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Publication numberUS5084721 A
Publication typeGrant
Application numberUS 07/670,117
Publication dateJan 28, 1992
Filing dateMar 15, 1991
Priority dateMar 15, 1991
Fee statusPaid
Also published asDE69201204D1, DE69201204T2, EP0503328A1, EP0503328B1
Publication number07670117, 670117, US 5084721 A, US 5084721A, US-A-5084721, US5084721 A, US5084721A
InventorsWilliam L. Burnham
Original AssigneeEastman Kodak Company
Export CitationBiBTeX, EndNote, RefMan
External Links: USPTO, USPTO Assignment, Espacenet
Folding dual lens camera
US 5084721 A
Abstract
A photographic camera includes a lens carrier with alternative taking lenses having shorter and longer focal lengths. The lens carrier is pivotable relative to the camera body between a storage position in which the two lenses are concealed within the camera body and respective use positions in which the two lenses alternatively are located for picture-taking.
Images(6)
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Claims(14)
I claim:
1. A photographic camera comprising a camera body and an objective lens carrier, is characterized in that:
a pair of alternative picture-taking lenses having respective shorter and longer focal lengths are secured to said lens carrier to permit movement of the lens carrier unitarily with said shorter and longer focal length lenses; and
support means connects said camera body and said lens carrier for movement of the lens carrier unitarily with said shorter and longer focal length lenses relative to the camera body between a storage position in which neither of said shorter and longer focal length lenses are located to take a picture and respective shorter and longer focal length use positions in which the shorter and longer focal length lenses alternatively are located to take a picture.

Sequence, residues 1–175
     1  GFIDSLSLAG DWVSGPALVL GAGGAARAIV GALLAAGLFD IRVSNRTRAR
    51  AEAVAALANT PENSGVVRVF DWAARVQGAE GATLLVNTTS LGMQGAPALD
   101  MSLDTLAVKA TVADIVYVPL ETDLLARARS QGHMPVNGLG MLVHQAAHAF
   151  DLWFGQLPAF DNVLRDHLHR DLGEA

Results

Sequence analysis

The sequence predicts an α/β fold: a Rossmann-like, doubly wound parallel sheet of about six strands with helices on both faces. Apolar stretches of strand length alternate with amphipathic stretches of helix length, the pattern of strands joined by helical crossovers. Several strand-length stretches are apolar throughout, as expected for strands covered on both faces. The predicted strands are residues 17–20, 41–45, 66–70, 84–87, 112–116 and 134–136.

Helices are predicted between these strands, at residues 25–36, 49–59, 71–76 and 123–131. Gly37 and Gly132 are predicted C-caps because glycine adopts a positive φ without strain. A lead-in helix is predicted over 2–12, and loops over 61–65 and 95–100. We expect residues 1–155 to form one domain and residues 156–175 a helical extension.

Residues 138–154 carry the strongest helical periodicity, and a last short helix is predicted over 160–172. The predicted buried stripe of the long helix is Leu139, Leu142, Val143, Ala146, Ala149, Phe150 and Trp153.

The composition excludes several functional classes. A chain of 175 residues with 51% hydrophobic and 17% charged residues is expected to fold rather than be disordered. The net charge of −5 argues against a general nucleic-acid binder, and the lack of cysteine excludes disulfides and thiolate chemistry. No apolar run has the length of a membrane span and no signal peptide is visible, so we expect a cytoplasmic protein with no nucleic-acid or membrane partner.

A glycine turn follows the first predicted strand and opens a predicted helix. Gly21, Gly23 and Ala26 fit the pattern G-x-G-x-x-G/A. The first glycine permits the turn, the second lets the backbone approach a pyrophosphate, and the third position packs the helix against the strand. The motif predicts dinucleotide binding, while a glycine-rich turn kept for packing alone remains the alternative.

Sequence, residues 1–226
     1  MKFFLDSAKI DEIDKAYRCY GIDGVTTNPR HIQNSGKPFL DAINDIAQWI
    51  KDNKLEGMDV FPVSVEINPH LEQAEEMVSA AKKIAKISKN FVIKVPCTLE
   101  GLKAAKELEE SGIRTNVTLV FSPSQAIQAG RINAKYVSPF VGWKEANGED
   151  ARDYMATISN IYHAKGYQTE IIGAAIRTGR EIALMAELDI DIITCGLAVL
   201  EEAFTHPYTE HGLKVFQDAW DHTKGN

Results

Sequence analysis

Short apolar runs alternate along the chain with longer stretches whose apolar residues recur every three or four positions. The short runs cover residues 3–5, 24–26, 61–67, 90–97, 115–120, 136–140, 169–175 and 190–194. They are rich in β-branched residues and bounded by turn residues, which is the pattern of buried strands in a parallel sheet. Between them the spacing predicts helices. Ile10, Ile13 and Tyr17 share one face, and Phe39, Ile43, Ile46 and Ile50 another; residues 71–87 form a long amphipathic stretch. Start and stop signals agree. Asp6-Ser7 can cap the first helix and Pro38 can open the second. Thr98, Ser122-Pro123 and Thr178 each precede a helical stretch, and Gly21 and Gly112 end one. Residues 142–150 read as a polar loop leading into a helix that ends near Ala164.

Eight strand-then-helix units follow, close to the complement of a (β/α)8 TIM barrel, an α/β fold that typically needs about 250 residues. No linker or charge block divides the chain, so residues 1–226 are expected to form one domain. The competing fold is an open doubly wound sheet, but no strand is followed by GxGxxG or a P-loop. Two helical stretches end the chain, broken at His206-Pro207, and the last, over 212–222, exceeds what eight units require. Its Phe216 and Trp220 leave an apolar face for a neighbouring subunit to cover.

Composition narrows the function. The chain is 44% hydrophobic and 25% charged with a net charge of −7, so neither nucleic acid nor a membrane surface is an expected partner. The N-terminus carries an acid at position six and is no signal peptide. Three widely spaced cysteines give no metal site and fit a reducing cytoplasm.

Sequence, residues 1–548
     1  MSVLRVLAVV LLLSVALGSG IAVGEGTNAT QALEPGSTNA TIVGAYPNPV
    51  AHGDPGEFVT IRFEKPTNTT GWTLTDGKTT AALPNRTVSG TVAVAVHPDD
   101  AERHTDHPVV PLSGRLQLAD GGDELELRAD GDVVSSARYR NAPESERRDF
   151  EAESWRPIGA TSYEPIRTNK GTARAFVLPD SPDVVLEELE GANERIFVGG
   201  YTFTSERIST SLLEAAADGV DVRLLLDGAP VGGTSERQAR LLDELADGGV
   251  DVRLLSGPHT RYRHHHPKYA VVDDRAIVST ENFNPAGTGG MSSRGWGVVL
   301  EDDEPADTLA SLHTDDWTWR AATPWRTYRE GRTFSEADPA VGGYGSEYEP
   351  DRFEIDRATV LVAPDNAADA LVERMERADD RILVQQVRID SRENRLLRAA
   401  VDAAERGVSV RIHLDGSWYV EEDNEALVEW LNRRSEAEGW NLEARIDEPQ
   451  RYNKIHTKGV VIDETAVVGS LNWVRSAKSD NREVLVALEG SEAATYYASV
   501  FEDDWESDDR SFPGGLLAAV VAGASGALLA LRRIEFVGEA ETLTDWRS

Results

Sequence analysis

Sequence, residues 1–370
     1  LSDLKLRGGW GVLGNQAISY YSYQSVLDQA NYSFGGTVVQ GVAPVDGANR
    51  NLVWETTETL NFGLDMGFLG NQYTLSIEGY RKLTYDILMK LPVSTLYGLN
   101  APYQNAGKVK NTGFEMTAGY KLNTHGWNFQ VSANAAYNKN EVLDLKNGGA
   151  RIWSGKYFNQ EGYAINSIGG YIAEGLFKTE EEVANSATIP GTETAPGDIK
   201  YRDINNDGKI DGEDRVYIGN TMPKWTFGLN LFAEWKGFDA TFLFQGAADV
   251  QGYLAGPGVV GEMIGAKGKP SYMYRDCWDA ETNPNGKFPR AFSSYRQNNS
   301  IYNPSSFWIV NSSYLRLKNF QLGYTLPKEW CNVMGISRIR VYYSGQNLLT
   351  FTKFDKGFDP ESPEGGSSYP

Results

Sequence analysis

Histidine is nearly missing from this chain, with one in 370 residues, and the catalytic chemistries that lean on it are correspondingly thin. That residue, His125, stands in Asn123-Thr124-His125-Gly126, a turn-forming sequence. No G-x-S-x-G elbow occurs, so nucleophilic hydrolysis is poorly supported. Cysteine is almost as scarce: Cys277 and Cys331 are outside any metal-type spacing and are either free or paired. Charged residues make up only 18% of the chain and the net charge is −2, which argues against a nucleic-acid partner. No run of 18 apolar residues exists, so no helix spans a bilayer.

2. A photographic camera as recited in claim 1, wherein said lens carrier includes lens mounting means for locating said shorter and longer focal length lenses to conceal them within said camera body when the lens carrier is in its storage position and to reveal them outside the camera body at least alternatively when the lens carrier is in its shorter and longer focal length use positions.
3. A photographic camera as recited in claim 1, wherein said support means includes integral means for retracting said lens carrier unitarily with said shorter and longer focal length lenses at least part way into said camera body when the lens carrier is in its storage position and for extending the lens carrier unitarily with said shorter and longer focal length lenses respective lesser and greater distances from the camera body when the lens carrier is in its shorter and longer focal length use positions.
4. A photographic camera as recited in claim 1, wherein respective shutters are secured to said lens carrier inward of said shorter and longer focal length lenses.
5. A photographic camera as recited in claim 1, wherein said lens carrier is folded unitarily with said shorter and longer focal length lenses at least part way into said camera body when the lens carrier is in its storage position and is unfolded unitarily with said shorter and longer focal length lenses at least part way out of the camera body when the lens carrier is in its shorter and longer focal length use positions.